This used to be Rick Carlisle. Given Carlisle's long-standing success, NBA championship and pretty good 58-62 record in the playoffs, it might still should be. Stevens is still nascent, still learning. However, the hype, as they say is real, and there are good reasons for it. I wrestle with whether a coach this young and inexperienced, with so few actual victories, should be considered one of the best three coaches in the NBA. 

But he is, not just by fans and an adamant media in New England, but by his peers who laud him at every turn, and players who speak of what he's done for them. 

Stevens has no championships. No Finals appearances. As stated above, he's won a grand total of two playoff series, one a playoff series vs. the Bulls where he was shockingly out-coached until Rajon Rondo's injury, the second a Game-7 grind-out fueled to victory by a career night from Kelly Olynyk. You can't really argue that taken on accomplishment, Stevens' career has been nothing more than "fine." 

However, just as Kerr is punished by the public for being gifted with transcendent talent, Stevens is lauded for his ability to win with what's seen as sub-par talent. It's probably unfair to the work put in by guys like Isaiah Thomas, Marcus Smart, Jae Crowder and Avery Bradley that the Celtics last season were seen as the product of a coach making a team better than they were, or to this season's players that the Celtics' unconventional and surprising success has been reached despite the opening night injury to Gordon Hayward thanks to Stevens' "genius."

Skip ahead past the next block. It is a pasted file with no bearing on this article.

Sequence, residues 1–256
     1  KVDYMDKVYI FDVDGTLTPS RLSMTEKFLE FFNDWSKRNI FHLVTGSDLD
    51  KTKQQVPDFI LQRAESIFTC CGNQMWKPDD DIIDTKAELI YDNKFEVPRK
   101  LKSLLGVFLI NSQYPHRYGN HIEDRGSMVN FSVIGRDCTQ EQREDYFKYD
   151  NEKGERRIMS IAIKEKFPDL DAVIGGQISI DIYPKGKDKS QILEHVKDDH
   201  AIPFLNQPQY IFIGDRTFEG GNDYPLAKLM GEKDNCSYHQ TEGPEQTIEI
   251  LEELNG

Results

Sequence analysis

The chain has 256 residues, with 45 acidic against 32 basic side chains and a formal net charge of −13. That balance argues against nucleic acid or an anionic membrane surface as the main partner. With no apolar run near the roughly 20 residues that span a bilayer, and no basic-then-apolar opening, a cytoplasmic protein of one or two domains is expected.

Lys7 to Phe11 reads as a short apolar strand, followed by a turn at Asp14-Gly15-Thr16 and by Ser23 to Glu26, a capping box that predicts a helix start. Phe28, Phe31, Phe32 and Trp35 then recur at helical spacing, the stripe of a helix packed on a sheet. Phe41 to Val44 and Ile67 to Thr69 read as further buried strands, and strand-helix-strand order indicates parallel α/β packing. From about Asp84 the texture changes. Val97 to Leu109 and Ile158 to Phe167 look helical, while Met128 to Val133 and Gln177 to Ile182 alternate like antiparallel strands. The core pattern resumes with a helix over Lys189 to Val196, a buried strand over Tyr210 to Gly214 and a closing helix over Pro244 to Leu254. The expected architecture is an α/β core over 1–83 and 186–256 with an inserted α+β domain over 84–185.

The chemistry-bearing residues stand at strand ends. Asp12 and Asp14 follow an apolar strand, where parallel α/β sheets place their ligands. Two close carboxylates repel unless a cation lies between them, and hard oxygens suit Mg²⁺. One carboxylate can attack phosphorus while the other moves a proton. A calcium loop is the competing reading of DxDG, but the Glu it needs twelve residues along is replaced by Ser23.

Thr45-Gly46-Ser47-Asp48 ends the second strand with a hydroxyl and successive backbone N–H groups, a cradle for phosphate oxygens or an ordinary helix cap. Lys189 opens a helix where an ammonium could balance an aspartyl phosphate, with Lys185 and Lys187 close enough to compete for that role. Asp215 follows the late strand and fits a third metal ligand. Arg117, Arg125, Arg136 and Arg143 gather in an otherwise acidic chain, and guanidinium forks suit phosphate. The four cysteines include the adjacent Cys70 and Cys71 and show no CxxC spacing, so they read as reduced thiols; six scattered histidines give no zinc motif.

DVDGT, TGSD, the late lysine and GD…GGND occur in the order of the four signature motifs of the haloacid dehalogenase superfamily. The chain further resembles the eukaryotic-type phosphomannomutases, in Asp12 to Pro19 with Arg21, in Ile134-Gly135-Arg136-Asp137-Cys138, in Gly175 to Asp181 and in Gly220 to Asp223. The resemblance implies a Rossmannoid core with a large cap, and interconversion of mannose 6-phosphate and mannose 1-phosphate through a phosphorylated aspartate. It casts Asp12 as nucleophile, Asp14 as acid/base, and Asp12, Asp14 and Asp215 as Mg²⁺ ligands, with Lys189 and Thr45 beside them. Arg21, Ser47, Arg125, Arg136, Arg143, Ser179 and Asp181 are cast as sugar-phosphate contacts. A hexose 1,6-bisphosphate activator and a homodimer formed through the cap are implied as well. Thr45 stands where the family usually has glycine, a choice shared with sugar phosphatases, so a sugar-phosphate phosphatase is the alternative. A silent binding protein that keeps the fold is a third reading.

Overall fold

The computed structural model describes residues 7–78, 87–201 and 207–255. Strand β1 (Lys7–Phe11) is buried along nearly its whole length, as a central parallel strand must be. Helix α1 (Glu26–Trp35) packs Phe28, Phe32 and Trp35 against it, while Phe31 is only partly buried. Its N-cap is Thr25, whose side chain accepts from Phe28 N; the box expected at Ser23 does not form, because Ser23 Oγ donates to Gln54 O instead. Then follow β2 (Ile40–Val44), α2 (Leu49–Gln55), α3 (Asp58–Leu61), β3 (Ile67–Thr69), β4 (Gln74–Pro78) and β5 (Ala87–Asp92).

Still, like with Kerr, Stevens plays a real part in all this. More than anything, Stevens does what so many coaches refuse to: coach to his players' strengths. Stevens could have rolled out a fast-paced, offensive approach looking to use their young legs and athleticism. Instead, Stevens and his staff saw the team's length and realized they could build this slow-it-down, grind-it-out team that could beat teams with the same formula the old, grizzled 2010-2012 Celtics team won with. Those squads would smother you defensively, clanging shots off the rim, keeping it low scoring, until the final five minutes, when Paul Pierce and Ray Allen's precision could take over and the Celtics would simply out-execute you.